Contract Management: Interagency Contract Program Fees Need More Oversight

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A letter report issued by the General Accounting Office with an abstract that begins "Federal interagency contract service programs are being used in a wide variety of situations, from those in which a single agency provides limited contracting assistance to an approach in which the provider agency's contracting officer handles all aspects of the procurement. This increased use of interagency contracts is a result of reforms and legislation passed in the 1990s, allowing agencies to streamline the acquisition process, operate more like businesses, and offer increasing numbers of services to other agencies. Most of the contract service programs GAO reviewed ... continued below

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United States. General Accounting Office. July 25, 2002.

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Description

A letter report issued by the General Accounting Office with an abstract that begins "Federal interagency contract service programs are being used in a wide variety of situations, from those in which a single agency provides limited contracting assistance to an approach in which the provider agency's contracting officer handles all aspects of the procurement. This increased use of interagency contracts is a result of reforms and legislation passed in the 1990s, allowing agencies to streamline the acquisition process, operate more like businesses, and offer increasing numbers of services to other agencies. Most of the contract service programs GAO reviewed reported an excess of revenues over costs in at least one year between fiscal years 1999 and 2001. Office of Management and Budget (OMB) guidance directs agencies with governmentwide acquisition contracts (GWAC) or franchise fund programs to account for and recover fully allocated actual costs and to report on their financial results. Agencies are to identify all direct and indirect costs and charge fees to ordering agencies based on these costs. However, some GWAC programs have not identified or accurately reported the full cost of providing interagency contract services. OMB's guidance further directs that agencies return GWAC earnings to the miscellaneous receipts account of the U.S. Treasury's General Fund. However, this guidance conflicts with the operations of agencies' revolving funds, which were established by statutes that allow retention of excess revenues. The Federal Supply Schedules program has generated hefty earnings, largely because of the rapid growth of information technology sales. Rather than adjust the fee, however, the General Services Administration has used the earnings primarily to support its stock and fleet programs. However, the significant amount of earnings means that Federal Supply Schedules program customers are being consistently overcharged for the contract services they are buying."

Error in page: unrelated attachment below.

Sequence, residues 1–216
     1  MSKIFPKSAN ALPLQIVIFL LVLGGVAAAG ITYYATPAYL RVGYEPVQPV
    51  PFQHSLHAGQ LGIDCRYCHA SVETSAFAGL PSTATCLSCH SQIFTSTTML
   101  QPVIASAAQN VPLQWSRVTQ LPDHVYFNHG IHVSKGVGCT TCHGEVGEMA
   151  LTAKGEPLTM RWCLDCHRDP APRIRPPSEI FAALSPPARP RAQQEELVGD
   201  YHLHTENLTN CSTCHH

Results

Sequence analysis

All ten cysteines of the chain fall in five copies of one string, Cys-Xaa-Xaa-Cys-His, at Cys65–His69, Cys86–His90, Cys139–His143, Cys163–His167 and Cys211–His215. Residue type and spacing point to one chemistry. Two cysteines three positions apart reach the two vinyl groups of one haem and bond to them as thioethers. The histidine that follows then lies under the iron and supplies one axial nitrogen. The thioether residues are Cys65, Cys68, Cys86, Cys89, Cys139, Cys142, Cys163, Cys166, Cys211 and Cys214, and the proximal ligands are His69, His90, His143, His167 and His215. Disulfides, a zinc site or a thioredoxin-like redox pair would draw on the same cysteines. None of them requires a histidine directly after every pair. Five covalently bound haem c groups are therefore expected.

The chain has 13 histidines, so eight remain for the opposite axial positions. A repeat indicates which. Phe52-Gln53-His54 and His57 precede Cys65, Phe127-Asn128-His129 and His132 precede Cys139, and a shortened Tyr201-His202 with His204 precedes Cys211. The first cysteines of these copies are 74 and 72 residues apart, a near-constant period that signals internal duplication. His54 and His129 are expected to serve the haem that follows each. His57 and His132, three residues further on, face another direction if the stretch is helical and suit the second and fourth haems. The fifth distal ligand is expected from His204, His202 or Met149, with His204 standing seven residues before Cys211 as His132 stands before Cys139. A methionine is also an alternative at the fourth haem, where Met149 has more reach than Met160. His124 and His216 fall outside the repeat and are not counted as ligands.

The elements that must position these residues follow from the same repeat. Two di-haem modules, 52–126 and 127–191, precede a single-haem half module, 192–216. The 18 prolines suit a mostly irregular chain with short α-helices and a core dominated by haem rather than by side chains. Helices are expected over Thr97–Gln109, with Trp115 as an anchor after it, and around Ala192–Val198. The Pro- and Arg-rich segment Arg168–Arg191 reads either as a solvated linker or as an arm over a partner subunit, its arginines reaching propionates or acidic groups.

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Government Accountability Office Reports

The U.S. Government Accountability Office (GAO) is an independent, nonpartisan agency that works for the U.S. Congress investigating how the federal government spends taxpayers' money. Its goal is to increase accountability and improve the performance of the federal government. The Government Accountability Office Reports Collection consists of over 13,000 documents on a variety of topics ranging from fiscal issues to international affairs.

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  • July 25, 2002

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  • June 11, 2014, 5:03 a.m.

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United States. General Accounting Office. Contract Management: Interagency Contract Program Fees Need More Oversight, report, July 25, 2002; Washington D.C.. (digital.library.unt.edu/ark:/67531/metadc294597/: accessed October 19, 2017), University of North Texas Libraries, Digital Library, digital.library.unt.edu; crediting UNT Libraries Government Documents Department.